Negatives of Social Media: My 2 Parents!

I’m 45 and just coming to terms with the fact that social media might as well be embraced since it’s not going anywhere and knowing it better, will help me in my career! BUT I come by my lack of interest in getting on board to social media platforms honestly. My parents have ZERO interest in the whole concept of sharing your personal life, including thoughts, pictures, and personal details out into the world wide web – true social media haters. When we talk, the social media conversation is tabled along with religion, politics, and racism – essentially, topics that can get awkward discussing at the family dinner table.

Dinner Table

Have you ever had Christmas dinner with your entire family and someone brings up politics?! The whole room goes quiet other than the one person so close to the person who brought it up that they have nothing to lose in engaging in this conversation – that’s me at home when I bring up social media! I’m the youngest in my family other than my kids and when I bring up social media I get nothing but static or a hashing of negative comments about how I’m posting our personal life for all to see. Not sure how a post about my husband and I’s anniversary has anything to do with “their” personal life, but apparently it does! lol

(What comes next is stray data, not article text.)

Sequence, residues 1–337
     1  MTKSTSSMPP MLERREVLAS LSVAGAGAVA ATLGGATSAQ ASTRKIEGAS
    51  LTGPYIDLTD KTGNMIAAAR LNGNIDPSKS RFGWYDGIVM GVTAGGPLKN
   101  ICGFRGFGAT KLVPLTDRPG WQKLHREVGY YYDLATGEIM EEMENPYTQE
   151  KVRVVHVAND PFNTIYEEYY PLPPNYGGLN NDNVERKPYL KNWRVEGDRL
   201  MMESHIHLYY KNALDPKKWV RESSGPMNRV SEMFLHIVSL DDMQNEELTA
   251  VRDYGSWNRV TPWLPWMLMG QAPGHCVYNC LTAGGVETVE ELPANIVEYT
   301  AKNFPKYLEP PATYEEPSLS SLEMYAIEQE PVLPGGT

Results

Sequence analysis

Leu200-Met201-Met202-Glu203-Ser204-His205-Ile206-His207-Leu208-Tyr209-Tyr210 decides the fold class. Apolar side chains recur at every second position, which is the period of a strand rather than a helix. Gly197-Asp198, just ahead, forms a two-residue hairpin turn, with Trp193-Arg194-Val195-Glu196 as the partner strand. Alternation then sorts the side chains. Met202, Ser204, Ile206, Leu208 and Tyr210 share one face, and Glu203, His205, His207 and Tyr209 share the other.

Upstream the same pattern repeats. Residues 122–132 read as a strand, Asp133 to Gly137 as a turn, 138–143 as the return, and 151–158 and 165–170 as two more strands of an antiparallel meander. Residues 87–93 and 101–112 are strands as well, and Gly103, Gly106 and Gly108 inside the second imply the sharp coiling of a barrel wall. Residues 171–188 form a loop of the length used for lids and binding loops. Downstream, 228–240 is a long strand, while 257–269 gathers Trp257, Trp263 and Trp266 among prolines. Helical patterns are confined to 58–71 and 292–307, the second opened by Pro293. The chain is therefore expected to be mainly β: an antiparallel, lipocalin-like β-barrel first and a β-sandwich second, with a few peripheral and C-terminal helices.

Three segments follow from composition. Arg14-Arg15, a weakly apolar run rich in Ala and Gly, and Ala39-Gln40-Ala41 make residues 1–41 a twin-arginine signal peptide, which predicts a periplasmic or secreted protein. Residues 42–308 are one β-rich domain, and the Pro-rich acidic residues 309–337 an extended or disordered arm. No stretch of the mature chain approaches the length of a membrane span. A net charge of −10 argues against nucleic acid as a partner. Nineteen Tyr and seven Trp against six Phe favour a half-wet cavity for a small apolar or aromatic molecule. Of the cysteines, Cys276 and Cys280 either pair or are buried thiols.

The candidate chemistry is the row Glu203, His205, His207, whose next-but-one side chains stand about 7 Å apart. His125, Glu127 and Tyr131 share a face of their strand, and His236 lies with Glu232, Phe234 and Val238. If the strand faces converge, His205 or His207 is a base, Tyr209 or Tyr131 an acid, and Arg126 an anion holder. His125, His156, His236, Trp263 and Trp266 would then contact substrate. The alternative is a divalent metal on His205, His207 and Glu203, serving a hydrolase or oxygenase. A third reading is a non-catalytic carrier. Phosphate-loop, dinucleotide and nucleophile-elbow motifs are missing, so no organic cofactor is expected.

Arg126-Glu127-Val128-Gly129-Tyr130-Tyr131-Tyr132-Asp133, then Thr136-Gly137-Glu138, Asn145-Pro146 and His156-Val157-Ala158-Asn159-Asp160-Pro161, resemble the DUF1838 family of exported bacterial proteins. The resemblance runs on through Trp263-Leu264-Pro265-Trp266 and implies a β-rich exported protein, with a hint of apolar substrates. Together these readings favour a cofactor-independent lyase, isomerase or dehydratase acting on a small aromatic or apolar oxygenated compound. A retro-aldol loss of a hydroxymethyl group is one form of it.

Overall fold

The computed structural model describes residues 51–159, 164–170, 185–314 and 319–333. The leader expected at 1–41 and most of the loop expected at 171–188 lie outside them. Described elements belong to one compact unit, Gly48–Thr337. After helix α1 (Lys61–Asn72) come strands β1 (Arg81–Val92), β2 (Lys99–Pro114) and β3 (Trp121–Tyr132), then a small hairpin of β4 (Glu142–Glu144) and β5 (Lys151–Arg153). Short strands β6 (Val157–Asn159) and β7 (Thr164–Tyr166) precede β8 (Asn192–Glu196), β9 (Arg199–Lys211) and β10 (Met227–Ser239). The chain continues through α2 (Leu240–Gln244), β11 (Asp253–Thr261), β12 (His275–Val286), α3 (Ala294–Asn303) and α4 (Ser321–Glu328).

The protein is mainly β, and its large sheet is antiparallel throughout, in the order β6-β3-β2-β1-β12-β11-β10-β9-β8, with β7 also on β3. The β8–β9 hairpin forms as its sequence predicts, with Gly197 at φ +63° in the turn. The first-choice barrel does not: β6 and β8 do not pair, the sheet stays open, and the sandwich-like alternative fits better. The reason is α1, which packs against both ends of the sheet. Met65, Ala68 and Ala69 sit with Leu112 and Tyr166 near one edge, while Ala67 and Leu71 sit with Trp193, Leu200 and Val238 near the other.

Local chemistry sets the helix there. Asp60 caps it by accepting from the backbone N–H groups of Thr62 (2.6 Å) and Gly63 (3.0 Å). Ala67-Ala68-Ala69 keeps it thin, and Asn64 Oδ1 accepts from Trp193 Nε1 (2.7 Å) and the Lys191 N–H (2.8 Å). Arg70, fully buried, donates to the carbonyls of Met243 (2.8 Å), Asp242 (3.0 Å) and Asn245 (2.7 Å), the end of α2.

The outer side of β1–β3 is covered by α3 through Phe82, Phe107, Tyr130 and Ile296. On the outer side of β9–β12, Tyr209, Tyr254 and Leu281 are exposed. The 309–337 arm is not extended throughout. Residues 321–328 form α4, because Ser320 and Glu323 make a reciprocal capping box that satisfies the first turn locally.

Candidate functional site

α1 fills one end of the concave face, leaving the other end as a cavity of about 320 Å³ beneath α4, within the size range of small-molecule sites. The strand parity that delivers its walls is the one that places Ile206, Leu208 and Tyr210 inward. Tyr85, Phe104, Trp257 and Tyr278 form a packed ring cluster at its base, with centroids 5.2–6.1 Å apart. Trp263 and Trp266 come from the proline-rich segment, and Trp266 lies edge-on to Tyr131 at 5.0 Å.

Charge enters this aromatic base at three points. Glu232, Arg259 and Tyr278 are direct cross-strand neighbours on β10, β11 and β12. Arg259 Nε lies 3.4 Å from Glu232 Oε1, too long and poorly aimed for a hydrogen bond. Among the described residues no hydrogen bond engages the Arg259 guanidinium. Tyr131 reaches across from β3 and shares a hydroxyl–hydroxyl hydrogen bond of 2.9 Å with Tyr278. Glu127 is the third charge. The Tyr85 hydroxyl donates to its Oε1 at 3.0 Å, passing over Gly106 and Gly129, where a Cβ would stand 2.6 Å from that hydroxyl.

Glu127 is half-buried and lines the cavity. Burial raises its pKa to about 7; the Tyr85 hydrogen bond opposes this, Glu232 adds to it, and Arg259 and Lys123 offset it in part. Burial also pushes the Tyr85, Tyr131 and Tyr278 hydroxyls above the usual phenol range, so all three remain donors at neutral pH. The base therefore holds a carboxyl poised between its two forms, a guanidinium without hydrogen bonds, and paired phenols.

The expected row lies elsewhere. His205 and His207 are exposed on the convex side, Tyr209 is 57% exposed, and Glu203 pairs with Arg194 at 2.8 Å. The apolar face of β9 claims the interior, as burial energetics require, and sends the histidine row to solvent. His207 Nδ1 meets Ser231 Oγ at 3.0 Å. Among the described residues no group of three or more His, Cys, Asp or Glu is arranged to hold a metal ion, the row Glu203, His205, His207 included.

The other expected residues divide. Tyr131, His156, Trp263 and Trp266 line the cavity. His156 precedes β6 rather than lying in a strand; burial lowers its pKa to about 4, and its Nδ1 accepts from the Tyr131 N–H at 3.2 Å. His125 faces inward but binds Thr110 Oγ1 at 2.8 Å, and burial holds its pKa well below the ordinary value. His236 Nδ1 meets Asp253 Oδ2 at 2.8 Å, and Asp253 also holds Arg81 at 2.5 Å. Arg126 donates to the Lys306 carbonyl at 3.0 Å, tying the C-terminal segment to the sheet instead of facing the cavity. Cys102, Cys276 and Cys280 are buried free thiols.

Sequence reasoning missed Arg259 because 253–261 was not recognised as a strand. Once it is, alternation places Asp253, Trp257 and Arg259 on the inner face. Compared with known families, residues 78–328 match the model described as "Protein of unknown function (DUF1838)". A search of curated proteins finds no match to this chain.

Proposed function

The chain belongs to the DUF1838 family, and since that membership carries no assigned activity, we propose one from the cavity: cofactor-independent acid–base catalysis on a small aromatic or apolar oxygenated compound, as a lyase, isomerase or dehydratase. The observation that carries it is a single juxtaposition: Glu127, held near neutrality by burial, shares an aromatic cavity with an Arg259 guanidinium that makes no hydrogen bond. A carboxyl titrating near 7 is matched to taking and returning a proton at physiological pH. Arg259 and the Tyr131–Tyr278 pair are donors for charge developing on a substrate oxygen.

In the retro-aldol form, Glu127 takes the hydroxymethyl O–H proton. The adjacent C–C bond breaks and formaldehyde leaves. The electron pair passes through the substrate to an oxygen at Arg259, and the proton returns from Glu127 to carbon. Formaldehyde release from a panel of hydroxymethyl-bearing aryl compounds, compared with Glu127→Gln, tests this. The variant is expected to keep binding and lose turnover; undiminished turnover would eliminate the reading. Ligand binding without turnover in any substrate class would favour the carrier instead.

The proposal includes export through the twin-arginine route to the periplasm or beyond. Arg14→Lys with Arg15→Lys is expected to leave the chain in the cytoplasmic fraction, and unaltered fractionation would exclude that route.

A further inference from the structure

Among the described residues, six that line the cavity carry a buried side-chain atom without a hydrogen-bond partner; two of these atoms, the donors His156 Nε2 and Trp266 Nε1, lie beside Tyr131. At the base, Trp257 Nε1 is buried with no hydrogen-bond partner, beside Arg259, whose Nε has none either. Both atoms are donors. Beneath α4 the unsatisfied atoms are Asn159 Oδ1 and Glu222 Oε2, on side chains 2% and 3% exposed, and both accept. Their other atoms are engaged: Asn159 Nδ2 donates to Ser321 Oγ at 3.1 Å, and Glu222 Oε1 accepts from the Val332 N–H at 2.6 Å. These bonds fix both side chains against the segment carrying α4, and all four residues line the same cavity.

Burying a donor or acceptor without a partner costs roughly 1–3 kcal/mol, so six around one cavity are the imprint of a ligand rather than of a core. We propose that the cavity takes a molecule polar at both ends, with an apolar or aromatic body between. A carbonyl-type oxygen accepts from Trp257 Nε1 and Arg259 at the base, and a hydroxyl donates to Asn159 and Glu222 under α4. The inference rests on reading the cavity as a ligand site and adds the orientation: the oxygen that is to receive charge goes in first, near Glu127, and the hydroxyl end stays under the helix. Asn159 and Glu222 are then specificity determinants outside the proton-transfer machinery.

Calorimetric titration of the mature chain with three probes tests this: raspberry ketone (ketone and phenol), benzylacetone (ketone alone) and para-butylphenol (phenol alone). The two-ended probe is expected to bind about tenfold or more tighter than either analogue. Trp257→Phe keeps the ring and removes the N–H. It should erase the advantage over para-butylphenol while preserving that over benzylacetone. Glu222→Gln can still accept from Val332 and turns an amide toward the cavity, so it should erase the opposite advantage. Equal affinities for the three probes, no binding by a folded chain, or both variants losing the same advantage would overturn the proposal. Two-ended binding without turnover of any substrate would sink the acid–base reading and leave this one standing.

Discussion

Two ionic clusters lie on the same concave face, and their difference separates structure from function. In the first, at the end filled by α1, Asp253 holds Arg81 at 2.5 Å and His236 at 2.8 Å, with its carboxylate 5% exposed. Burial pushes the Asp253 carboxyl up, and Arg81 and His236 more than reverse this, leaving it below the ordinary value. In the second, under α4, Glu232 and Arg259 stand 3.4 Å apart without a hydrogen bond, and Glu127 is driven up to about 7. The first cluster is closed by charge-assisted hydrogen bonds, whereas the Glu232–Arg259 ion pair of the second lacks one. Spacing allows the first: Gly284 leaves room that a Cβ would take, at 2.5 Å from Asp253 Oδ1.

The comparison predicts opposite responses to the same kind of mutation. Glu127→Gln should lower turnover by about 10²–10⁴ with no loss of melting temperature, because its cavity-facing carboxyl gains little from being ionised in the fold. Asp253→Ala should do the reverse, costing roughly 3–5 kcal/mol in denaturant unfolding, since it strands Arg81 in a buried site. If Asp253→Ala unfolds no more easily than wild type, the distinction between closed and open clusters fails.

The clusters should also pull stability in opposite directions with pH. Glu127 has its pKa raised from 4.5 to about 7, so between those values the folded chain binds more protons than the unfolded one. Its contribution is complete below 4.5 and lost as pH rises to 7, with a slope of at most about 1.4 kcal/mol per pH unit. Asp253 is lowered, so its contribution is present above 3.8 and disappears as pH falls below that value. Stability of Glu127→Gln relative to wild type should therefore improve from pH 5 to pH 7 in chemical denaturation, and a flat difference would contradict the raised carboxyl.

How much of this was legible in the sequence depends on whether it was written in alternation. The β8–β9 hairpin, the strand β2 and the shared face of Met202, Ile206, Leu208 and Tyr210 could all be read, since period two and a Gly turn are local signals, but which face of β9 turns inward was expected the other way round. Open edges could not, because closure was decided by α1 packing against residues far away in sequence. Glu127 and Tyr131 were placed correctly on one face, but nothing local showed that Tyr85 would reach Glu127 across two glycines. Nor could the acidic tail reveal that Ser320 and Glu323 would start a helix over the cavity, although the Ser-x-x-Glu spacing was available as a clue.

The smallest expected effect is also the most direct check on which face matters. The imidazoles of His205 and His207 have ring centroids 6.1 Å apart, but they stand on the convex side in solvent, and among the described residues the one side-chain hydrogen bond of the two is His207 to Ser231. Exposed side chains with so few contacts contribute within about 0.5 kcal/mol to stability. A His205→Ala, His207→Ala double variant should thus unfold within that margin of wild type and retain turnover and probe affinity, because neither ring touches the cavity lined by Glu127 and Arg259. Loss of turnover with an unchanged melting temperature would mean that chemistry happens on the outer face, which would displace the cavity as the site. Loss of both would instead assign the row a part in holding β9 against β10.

The Sad Truth

The true story is that it’s hard. It seems like my life and my career all revolve around social media. I have 2 young teenagers who’s school and personal lives definitely include social media. My job could absolutely benefit from me knowing more about social media, hence why i’m taking this course. Yet, I still can’t discuss social media with my parents because they’ve taken a strong belief in hating it. Why? Because they can! They’re retired. They don’t have kids in elementary and high school. They don’t have bosses asking if they’ve posted a Family Day Instagram add for the business today, which I did. 😉

“Older adults themselves are often the worst perpetuators of the myth that old age precludes engagement with a myriad of digital technologies. Doing so allows older adults a privilege not available to most working-age adults to take personal stands against the aspects of technology they find worrying, threatening or just plain annoying.” (Lancaster University, para. 13)

Do you have people in your life that you can’t talk social media with? Do you find it hard? Let me know in the comments below as I’d love to hear how you handle this!

Shamia Casiano,

Do you have social media haters in your family? Read up on my story and tell me yours in return!

Are you unable to talk to your parents about social media? Me neither, lets share stories!


Lancaster University. (2018, March 12). Why some older people are rejecting digital technologies. ScienceDaily.